The client's abstract art collection provided the inspiration for the home's yellow-and-blue color palette. "Her collection gave me insight into her personality," says Cooney. "They all had a playfulness to them, which I really wanted to draw out into the house." Each room is different, with its own distinct character, but there are elements, like the shades of blue and yellow, that tie each space together. As you move from room to room, nothing is jarring or feel out of place. Most of the artwork have gold frames, so there are gold accents woven throughout the house as well.
Play with Pattern
Cooney looked at the house as a beautiful, quiet backdrop which she could liven up and have fun with. Using colorful curtains with unique patterns was an easy way to do just that, so she was so happy her client was open to mixing patterns. "It's important to not have everything be too match-y, you want it to feel more collected," she says. She chose longer drapery to create a graceful feel. Then went with large scale patterns, so when they are pulled apart, you still get nice pops of color. "If you took the curtains away, it would be a pretty serious space," she says. "They add a softer whimsical feel."
Make Use of Small Space
"It's not a big kitchen, but it is the center of the home, so we wanted to use every inch of space," says Cooney. She put the microwave in a drawer so it's not exposed, and stacked the ovens and refrigerator in a space next to a desk where the daughters can do homework. "We mixed in some open bookshelves to give enough interest, while keeping everything else closed up," she says. They chose a light green backsplash for its calming effect and went with oversized globe lights with a vintage feel to add a touch of whimsy and tie back to the rest of the house.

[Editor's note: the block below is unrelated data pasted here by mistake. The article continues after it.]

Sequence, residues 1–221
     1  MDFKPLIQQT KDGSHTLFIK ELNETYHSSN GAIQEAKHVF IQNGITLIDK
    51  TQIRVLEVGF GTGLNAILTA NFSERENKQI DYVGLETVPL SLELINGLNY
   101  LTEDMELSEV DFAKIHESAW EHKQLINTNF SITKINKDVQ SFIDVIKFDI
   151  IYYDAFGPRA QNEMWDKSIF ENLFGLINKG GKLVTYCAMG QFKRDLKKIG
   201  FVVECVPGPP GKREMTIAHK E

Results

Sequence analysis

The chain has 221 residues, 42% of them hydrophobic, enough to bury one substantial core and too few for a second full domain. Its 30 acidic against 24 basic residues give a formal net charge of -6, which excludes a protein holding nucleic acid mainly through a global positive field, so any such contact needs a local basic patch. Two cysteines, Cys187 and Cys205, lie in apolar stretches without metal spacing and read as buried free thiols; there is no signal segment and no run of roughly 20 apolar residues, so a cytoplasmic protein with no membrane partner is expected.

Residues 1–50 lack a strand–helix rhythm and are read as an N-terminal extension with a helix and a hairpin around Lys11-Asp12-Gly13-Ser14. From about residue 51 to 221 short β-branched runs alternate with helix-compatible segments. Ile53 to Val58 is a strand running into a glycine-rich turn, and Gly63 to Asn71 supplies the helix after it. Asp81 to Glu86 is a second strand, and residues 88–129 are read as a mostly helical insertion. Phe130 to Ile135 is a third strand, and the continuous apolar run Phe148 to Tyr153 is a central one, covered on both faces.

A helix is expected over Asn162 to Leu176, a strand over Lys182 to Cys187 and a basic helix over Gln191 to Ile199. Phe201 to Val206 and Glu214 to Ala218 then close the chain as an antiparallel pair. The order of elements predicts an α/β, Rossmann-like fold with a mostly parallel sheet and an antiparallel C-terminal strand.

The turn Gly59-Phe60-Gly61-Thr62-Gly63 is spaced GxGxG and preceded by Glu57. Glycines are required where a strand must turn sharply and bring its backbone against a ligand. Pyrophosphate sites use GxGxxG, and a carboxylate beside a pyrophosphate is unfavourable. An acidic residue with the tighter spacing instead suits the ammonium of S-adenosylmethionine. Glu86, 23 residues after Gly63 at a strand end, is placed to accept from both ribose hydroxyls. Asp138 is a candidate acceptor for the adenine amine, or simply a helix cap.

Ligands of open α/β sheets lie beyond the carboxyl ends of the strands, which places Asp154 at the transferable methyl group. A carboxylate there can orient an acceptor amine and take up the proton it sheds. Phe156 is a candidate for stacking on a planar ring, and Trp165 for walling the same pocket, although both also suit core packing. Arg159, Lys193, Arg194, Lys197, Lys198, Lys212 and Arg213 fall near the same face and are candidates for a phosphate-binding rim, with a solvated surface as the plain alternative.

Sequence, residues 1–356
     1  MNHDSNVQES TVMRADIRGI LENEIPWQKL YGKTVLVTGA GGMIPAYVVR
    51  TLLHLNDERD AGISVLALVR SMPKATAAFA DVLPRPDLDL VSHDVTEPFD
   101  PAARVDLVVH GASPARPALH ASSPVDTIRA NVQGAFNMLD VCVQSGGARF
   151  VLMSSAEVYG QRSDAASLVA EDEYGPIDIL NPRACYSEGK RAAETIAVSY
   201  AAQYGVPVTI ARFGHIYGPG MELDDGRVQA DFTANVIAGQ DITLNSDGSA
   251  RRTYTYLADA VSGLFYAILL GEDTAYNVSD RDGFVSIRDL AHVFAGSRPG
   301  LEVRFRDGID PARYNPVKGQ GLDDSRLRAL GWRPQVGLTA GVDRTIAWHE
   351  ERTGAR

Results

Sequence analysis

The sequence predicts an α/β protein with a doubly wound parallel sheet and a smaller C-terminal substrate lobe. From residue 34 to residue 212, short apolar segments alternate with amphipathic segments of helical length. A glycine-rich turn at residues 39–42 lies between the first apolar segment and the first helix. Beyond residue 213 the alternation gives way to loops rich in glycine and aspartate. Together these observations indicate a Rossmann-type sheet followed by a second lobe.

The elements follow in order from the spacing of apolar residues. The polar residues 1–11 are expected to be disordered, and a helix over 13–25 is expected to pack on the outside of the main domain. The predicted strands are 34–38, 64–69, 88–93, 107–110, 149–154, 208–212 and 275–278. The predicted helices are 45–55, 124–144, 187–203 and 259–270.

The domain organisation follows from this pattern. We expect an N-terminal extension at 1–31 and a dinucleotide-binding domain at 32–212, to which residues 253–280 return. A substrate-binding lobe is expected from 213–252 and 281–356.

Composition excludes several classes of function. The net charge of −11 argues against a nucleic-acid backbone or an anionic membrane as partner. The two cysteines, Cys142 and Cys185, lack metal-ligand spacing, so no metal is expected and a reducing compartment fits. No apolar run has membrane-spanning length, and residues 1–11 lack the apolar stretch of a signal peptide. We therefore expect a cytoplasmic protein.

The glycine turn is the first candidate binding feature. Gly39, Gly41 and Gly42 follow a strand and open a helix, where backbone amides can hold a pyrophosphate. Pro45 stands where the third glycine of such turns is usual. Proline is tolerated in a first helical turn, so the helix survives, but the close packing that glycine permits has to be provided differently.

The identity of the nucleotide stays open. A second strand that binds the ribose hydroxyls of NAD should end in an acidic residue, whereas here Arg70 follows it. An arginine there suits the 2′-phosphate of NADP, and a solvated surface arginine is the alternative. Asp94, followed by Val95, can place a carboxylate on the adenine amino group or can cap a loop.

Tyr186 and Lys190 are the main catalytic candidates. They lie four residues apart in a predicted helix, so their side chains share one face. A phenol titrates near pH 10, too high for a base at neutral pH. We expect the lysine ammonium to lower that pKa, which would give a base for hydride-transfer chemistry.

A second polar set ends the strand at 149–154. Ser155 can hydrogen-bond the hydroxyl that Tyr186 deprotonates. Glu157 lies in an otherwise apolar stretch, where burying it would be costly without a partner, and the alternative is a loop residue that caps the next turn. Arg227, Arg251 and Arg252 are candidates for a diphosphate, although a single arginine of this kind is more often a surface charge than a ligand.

Cater to Your Kids
The kids were at the forefront of everyone's mind during the design process. Cooney added a small table in the living room, where they could do puzzles or homework. The younger daughter loves to bake and do crafts, so they carved out a baking corner in the kitchen and made the basement into a craft room. The swivel chairs in the kitchen are upholstered with durable indoor/outdoor fabric and the custom kitchen table is sturdy and big enough to host pizza parties. Cooney had it painted white to make it feel lighter and brighter in the space. "We wanted it to be substantial but not to overwhelm," she says. "The white takes away the formality and brings fun."